Halloween dangers and double standards

Ah, Halloween – the time when you can be anything, as long as it’s slutty.

Don’t get me wrong – if you’ve waiting all year to express some element of your personality that you would regularly hide, and that part of your personality likes to show off its cleavage and wear super short skirts, then you should go for it!  But Halloween is still the time of the super double standard, as this website (contains a swear in the title, FYI!) so clearly demonstrates.  Men can be lumberjacks – women can only be sexy lumberjacks.  Or sexy nuns, astronauts, teachers, etc.

Even worse: the way that this holiday has been co-opted to reinforce gender stereotypes even for kids.  Even as our society continues to come to terms with the fact that some women might not dream of a wedding day with a white dress, and some men might want to wear a skirt now and then (I freaking love skirts, and can’t imagine people not wanting to get in on this fun!), or the fact that some people might like to make their choices about outfits, hairstyles, relationships, and bodies without fitting into some gender norm, I think that Halloween was supposed to be an escape from that.  A time to see if the skirt really does make you feel more like yourself, a time to imagine what it might be like to grow a beard, or have a cape and pretend to fly.

When I was a kid, my close group of girl friends and I took this to an extreme:

  • One year, my friends and I were Miss America contestants.  I was Miss Arizona because she reminded me of my summer camp counselor who was the best thing since sliced bread.  We bought 80’s prom dresses from the local thrift store and made sashes – I still have mine.  I wore sneakers under my long dress – how else could I be expected to get all the candy people were dishing out?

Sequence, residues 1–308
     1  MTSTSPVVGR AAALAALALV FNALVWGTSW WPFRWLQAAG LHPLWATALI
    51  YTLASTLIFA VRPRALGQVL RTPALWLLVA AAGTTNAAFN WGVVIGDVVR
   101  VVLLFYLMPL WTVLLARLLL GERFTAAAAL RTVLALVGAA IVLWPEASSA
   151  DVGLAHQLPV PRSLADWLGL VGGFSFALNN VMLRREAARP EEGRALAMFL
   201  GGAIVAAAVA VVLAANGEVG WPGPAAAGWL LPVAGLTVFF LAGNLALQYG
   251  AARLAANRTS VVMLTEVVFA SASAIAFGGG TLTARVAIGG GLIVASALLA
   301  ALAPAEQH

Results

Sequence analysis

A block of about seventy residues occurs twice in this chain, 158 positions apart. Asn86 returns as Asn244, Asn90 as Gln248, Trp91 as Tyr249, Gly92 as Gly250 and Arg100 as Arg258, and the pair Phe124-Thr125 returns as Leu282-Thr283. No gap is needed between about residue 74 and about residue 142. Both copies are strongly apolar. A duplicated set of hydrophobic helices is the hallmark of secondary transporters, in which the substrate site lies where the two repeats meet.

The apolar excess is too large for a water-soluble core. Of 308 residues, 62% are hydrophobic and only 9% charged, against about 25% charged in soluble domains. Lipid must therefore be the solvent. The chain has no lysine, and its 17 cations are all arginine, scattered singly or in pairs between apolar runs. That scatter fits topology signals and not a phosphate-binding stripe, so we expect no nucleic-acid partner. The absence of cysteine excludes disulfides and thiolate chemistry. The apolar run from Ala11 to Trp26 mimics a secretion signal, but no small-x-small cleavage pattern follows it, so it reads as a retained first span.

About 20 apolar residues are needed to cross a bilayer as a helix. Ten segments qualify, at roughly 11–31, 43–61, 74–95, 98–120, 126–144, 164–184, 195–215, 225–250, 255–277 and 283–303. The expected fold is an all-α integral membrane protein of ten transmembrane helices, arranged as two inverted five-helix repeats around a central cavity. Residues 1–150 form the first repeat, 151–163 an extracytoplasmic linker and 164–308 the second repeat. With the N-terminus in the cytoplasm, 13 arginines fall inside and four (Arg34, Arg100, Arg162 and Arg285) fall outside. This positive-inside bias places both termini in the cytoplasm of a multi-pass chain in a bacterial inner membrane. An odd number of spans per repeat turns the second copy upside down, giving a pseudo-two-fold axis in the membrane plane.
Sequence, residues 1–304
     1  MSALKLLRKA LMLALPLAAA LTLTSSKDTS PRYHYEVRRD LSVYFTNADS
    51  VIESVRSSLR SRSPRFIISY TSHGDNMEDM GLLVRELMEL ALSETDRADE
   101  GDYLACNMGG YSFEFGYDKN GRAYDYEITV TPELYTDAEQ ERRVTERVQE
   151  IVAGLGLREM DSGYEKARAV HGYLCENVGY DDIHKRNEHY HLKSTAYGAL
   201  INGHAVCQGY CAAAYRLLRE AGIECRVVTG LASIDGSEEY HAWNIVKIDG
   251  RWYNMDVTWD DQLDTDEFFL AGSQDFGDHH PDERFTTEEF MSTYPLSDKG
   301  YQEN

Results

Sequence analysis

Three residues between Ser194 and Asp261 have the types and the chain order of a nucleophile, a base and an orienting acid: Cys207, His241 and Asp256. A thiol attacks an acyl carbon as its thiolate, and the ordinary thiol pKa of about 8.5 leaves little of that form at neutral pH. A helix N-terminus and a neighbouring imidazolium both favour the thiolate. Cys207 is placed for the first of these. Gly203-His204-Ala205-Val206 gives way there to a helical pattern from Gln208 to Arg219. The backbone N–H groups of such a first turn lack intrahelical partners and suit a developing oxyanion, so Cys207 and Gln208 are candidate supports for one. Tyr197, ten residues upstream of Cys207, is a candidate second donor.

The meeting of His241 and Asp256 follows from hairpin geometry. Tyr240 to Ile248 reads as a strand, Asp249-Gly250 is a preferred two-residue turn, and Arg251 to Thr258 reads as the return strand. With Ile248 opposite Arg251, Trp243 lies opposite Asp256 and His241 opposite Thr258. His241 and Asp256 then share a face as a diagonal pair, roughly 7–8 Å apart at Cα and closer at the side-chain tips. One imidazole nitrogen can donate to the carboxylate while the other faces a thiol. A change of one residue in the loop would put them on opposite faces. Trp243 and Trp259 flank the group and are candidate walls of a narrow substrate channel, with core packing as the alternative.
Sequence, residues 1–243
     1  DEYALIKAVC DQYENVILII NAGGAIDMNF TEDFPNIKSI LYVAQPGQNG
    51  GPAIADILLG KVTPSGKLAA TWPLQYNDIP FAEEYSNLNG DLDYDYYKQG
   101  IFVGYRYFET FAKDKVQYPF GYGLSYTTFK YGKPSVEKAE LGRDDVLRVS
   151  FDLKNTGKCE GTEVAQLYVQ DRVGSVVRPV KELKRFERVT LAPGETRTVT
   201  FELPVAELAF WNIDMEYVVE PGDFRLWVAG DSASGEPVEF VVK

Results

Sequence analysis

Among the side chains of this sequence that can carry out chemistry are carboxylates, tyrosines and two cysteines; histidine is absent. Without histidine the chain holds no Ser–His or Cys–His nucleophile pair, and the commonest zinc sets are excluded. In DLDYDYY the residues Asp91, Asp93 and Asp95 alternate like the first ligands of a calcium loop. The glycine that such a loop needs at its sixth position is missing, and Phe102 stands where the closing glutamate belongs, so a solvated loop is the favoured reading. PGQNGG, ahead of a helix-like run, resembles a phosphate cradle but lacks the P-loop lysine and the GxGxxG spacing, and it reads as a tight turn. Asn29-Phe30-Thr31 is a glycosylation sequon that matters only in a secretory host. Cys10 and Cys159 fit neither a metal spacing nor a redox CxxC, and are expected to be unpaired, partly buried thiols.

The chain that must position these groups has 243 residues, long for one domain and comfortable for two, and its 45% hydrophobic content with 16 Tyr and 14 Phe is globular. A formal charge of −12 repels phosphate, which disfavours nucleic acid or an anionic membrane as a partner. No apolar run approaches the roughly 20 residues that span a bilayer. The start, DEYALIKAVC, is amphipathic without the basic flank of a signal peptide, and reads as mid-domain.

• The next year, we were boys.  Just boys.  I can recall lots of boys coming to my house with their shirts stuffed and skirts waving, so it seemed only fair to see what the fuss was about on their end.  At this point, I had a super short haircut anyway (not by choice…), and our interpretation of being a boy involved flannel shirts, baseball hats, jeans, and fake black eyes made from the contents of our mediocre makeup kits.  Not sure why, but hey, it was fun!  We ended up in the parking lot of our elementary school after trick-or-treating ended, and I remember wondering if people passing by would think we were actually boys instead of dressed up.  Would it matter?

Answer: no.  It shouldn’t.  I really hope we can step away from stereotypical gender roles – as a country, society, community, generation, you name it! – and make Halloween back into something fun.  It could be an example of personal expression and acceptance.  There’s literally nothing to lose here and everything to gain.

On the bright side, there are already cool people like the parents mentioned on this blog who want their kids to have all the opportunities (and colors and stickers) available, instead of limiting girls to being butterflies and boys to being tigers.  And on the flip side, there are people like this:

Do me a favor: When you see an awesome kid trick-or-treating this Halloween, consider what message you can send them about who they are and how they show themselves to the world.  Are they clever, in addition to being pretty?  Are they “so cool” in addition to being strong?  Or are they just awesome for taking a chance and trying something new (especially if they skip the store and make it themselves??)?  Maybe all of the above.

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